Positioning the electrodes in the brain is the most critical step. The electrodes have to be placed in an exact location in the brain to improve symptoms. Computed tomography (CT) or magnetic resonance imaging (MRI) scans are taken before and/or during the procedure to pinpoint the exact areas to target and guide the lead and electrode placement. Many times an electrode may be used to record brain cells activity at the target site to improve lead placement.

Will I be asleep during the entire procedure?

You will be sedated or receive local anesthesia for part of the procedure, may or may not be awake for lead and electrode placement, and will be asleep when the impulse generator is implanted. To provide more details:

  • A local anesthetic is applied to areas of the head where pins or screws are used to secure the head frame.
  • You will be sedated during the beginning of the procedure, while the surgical team is opening the skin and drilling the opening in the skull for placement of the lead.
  • Most patients will be awake for lead and electrode placement. This part of the procedure is not painful, as the brain does not feel pain. Being awake allows the surgical team to interact with you when testing the effects of the stimulation. However, some patients who cannot tolerate the procedure while awake can have the electrode and lead placed under general anesthesia. The lead placement is guided in real time by magnetic resonance imaging. The procedure is performed in a special MR-equipped operation room.
  • Implantation of the pulse generator in the chest and connection of the leads from the device to the lead in the brain is usually done under general anesthesia.

Risks / Benefits

What are the advantages of deep brain stimulation (DBS)?

Deep brain stimulation (DBS) has many advantages:

  • Unlike some other surgical options, DBS does not cause permanent damage in any part of the brain.
  • The electrical stimulation is adjustable and reversible as the person's disease changes or his or her response to medications change.
  • Because DBS is reversible and causes no permanent brain damage, use of innovative not-yet-available treatment options may be possible.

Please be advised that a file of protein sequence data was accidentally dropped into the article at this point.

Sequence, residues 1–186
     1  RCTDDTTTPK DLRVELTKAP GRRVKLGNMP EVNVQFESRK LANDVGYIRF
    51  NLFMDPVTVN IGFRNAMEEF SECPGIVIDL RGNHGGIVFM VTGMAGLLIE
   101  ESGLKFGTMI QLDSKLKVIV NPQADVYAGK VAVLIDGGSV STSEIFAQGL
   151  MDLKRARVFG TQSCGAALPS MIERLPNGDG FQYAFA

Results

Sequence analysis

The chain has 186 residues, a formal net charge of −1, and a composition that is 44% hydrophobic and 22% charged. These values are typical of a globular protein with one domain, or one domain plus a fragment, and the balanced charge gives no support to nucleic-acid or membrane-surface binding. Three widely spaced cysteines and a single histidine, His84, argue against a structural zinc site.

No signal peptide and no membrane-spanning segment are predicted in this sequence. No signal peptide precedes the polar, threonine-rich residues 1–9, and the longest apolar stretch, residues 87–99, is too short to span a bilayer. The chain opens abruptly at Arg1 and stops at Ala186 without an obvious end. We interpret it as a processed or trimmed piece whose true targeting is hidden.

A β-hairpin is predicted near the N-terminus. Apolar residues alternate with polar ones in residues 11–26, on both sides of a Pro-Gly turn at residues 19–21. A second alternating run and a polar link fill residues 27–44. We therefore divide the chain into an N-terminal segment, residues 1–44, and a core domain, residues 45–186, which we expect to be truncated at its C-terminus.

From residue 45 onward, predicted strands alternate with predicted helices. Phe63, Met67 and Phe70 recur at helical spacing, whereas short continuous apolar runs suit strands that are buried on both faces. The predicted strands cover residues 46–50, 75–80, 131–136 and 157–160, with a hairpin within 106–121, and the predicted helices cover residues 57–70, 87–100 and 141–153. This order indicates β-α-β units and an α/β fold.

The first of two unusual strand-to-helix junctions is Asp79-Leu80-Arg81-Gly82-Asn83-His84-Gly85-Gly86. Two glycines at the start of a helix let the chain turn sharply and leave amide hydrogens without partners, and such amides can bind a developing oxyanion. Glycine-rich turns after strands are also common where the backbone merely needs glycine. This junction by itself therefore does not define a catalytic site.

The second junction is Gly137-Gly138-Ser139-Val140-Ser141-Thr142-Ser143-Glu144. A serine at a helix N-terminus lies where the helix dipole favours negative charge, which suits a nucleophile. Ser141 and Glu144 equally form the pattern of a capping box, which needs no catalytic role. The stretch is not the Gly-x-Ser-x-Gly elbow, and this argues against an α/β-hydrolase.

• The stimulator can also be turned off at any time if DBS is causing excessive side effects without any long-term consequences.

What are the risks and complications of deep brain stimulation (DBS)?

As with any surgical procedure, there are risks and complications. Complications of DBS fall into three categories: surgery complications, hardware (device and wires) complications, and stimulation-related complications.

  • Surgical complications include brain hemorrhage, brain infection, wrong location (misplacement) of the DBS leads, and less than the best location (suboptimal placement) of the leads.
  • Hardware complications include movement of the leads, lead failure, failure of any part of the DBS system, pain over the pulse generator device, battery failure, infection around the device and the device breaking through the skin as the thickness of skin and fat layer change as one ages.
  • Stimulation-related complications occur in all patients during the device programming stage. Common side effects are unintended movements (dyskinesia), freezing (feet feel like they are stuck to the floor), worsening of balance and gait, speech disturbance, involuntary muscle contractions, numbness and tingling (paresthesia), and double vision (diplopia). These side effects are reversible when the device is adjusted.

How long does the battery in the impulse generator device last?

Batteries can last 3 to 5 years in non-rechargeable devices and up to 9 years in rechargeable battery devices. However, these times may vary significantly. A simple outpatient procedure is needed to replace the battery. Rechargeable battery devices can be charged daily (for about 30 minutes) or every 10 to 14 days (for about 4 hours). Your doctor will discuss how often you should recharge your battery based on your therapy settings.

Recovery and Outlook

How effective is deep brain stimulation?

In properly selected patients, DBS has been shown to be a remarkably safe and effective treatment for the conditions in which it has been approved. Although symptoms may not completely go away, they are significantly improved in most patients. Promising results have been seen in the conditions for which it is still under investigation.